With cyberattacks (and breaches) on the rise, businesses must ensure information is properly secured. Cloud Hospitality, developed by Prestige Software, is the latest company to use improper configuration on their storage solution.
For a long time we have talked about ensuring proper configuration when using cloud services. This keeps your sensitive and private information secure, as well as keeps business costs down and keeps systems running efficiently. Configuration of any cloud service is important, but storage solutions matter the most. Why? Because a misconfigured storage solution can lead to a plethora of problems. Just ask Prestige Software, developer of Cloud Hospitality, a platform that hotels can use to integrate booking with sites like Expedia and Hotels.com. Prestige is just the latest in a line of companies with misconfigurations leading to data exposure.
A security team at Website Planet is responsible for the discovery of the latest misconfiguration problem. The team found the Amazon Web Services S3 bucket was easily accessible, exposing 10 million records (over 24GB of data). Some of the records dated back to 2013, even though the bucket was “live” and in use when it was discovered. The information inside the bucket included full names, email addresses, national ID numbers and phone numbers of hotel guests. It also included credit card numbers, CVVs and expiration dates, cardholder names and reservation details like cost, dates, special requests made, number of people, etc.
“The company was storing years of credit-card data from hotel guests and travel agents without any protection in place, putting millions of people at risk of fraud and online attacks,” according to Website Planet. “The S3 bucket contained over 180,000 records from August 2020 alone. Many of them related to hotel reservations being made on numerous websites, despite global hotel bookings being at an all-time low for this period.”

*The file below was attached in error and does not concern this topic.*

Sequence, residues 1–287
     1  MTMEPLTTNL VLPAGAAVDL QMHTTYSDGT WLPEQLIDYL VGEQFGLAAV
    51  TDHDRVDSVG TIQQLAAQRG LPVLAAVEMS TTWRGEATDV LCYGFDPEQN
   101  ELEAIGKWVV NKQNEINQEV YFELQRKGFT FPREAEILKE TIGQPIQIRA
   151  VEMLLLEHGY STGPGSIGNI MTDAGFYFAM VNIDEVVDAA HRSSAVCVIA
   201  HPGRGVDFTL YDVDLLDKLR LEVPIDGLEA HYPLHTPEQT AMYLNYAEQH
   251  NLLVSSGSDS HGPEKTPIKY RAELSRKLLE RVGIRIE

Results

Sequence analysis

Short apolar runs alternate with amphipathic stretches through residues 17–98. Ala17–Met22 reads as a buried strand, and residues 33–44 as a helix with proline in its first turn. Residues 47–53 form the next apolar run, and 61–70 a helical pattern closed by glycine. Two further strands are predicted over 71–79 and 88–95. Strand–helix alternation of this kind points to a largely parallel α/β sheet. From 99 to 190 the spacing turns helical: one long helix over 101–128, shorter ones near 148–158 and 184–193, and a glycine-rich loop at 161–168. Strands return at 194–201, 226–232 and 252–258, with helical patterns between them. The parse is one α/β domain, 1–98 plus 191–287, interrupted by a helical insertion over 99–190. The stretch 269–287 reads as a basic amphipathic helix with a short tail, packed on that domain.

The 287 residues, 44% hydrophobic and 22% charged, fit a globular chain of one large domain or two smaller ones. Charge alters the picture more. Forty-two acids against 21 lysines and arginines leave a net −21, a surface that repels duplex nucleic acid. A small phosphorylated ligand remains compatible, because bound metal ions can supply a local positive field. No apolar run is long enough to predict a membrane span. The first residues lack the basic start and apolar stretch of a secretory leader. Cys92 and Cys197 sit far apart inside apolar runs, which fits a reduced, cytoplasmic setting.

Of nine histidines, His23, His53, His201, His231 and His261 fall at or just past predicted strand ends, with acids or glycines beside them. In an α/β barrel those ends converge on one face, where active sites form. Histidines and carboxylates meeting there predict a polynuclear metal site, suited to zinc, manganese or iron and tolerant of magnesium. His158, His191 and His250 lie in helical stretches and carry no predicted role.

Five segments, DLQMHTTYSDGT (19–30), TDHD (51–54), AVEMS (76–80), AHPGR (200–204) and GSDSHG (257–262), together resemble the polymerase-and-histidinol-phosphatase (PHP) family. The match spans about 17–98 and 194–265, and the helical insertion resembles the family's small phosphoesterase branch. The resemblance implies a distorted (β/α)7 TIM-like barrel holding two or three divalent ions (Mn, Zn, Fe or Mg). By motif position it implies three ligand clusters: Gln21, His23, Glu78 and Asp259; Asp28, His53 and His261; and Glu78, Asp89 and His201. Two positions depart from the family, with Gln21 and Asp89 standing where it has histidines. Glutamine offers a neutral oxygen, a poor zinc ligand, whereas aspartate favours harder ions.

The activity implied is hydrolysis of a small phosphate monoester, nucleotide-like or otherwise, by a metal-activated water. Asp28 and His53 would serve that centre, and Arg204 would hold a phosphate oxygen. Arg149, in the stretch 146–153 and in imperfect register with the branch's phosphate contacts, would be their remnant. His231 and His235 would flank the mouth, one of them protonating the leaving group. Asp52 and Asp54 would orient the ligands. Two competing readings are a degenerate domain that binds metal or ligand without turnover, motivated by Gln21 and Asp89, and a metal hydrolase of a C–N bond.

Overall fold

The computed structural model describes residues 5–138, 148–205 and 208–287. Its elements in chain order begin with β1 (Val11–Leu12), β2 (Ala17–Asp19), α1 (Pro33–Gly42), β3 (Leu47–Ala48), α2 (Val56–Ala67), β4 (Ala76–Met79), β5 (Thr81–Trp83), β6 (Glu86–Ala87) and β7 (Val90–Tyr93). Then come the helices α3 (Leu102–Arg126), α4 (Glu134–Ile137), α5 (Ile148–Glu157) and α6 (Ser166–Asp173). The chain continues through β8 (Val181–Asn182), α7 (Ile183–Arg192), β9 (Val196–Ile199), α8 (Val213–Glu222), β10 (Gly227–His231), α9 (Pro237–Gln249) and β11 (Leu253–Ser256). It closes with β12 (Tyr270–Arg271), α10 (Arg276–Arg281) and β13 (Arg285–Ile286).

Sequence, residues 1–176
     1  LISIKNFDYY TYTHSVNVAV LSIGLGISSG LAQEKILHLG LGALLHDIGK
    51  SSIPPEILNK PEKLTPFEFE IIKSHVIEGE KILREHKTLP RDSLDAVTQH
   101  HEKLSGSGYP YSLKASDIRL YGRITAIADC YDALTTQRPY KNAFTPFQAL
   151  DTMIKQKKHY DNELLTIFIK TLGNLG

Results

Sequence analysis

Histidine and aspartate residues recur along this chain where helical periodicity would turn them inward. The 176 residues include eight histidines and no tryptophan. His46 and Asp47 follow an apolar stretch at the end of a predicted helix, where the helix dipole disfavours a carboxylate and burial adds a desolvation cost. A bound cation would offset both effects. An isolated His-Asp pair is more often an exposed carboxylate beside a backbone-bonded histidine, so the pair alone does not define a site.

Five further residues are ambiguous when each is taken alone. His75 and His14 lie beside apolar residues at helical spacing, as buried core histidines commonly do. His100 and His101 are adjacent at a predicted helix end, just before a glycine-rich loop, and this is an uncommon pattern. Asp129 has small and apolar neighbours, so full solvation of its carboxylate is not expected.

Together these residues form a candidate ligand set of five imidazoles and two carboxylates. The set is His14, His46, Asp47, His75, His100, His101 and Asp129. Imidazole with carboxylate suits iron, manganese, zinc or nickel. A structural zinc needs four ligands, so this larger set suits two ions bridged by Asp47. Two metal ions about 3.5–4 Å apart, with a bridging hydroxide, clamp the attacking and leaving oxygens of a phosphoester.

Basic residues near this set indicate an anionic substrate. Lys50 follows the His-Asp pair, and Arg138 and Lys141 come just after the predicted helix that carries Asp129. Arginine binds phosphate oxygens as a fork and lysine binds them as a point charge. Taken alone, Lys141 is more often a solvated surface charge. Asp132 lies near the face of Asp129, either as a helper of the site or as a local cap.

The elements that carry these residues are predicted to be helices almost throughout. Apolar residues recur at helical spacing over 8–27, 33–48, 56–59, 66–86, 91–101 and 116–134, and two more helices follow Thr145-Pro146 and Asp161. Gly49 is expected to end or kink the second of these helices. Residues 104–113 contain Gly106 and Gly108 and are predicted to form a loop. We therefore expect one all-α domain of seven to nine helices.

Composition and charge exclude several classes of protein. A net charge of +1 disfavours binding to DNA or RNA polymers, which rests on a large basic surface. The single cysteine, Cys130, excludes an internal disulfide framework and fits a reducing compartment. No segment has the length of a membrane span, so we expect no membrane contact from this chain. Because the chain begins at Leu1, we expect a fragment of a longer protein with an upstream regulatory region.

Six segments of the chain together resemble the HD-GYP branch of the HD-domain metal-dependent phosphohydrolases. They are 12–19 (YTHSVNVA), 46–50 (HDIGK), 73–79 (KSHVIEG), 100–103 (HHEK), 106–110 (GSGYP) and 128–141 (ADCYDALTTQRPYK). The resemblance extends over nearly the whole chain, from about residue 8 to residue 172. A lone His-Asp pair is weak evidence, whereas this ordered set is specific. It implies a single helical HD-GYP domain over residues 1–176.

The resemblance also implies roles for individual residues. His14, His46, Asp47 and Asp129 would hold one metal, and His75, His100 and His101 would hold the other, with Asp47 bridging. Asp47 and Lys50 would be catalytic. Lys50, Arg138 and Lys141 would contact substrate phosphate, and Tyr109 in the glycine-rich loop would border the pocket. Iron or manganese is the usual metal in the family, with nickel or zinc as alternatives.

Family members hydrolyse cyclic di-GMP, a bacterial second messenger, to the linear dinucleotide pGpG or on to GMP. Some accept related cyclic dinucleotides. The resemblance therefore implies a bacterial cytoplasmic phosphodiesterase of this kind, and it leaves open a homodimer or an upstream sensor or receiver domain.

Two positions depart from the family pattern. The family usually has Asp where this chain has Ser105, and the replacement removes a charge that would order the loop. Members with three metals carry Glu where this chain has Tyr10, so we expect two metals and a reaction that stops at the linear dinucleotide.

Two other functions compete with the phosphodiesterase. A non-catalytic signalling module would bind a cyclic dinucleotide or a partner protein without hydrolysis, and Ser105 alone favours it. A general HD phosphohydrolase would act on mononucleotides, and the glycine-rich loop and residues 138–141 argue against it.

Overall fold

The firm also stated that it is probable that every website and booking platform connected to Cloud Hospitality is affected. The good news for those websites and hotels is that they aren’t the ones on the hook for this, Prestige Software holds the blame here. The company is subject to GDPR and PCI DSS regulations, which may bring large fines on top of any legal fees the company faces. They can look to Capital One for an idea of what that fine might look like. Non-compliance to PCI DSS could result in losing the ability to accept and process credit card payments, although an investigation will have to happen before any punishment is acted upon.
While this is bad, really bad especially from a PR perspective for Prestige, they are not alone. Last month Pfizer was discovered to have leaked private medical data of prescription drug users in the U.S. due to an unprotected Google Cloud storage bucket. Broadvoice, a VoIP provider, leaked more than 350 million customer records. Razer, which sells high-end gaming gear, had around 100,000 customers information exposed due to a misconfigured Elasticsearch server.
On top of this, a September analysis by Comparitch found that a large percentage of cloud databases that contain private and sensitive information are publicly available. They showed that 6% of all Google Cloud buckets are misconfigured and left open to the public internet.
Configuration is incredibly important to security. We recently discussed the top three security misses we have seen, and one of the examples was around misconfiguration of storage buckets in the cloud. In the past, we have also talked about the characteristics of a split data storage solution and several articles have mentioned the need to keep sensitive and private information secure. As a business, you are on the hook for anything that happens on your company equipment. If there is a breach, the business is on the hook. There are legal fees, reparations, labor costs for fixing the problem and fines from compliance bodies.
Configuration is probably even more important to security than IAM controls, although both are vital pieces. This isn’t something you mess around with, something you trust just anyone to do. Especially when dealing with cloud services, you must hire an expert. You may think you’ve done everything correctly and that your IT department has it under control, and you could be right. But what harm is there in bringing in an expert to verify that everything is correct? The cost of bringing someone in, even just to look, will be far less than the cost of a breach. Not just that, but a breach can mar a business’ reputation for years to come, which is why most small-medium and even some larger businesses do not survive after exposing information. Don’t be the next Capital One or Pfizer or Prestige. Protect your customers, your business and your employees by ensuring your data storage solution is secure and not part of a public bucket!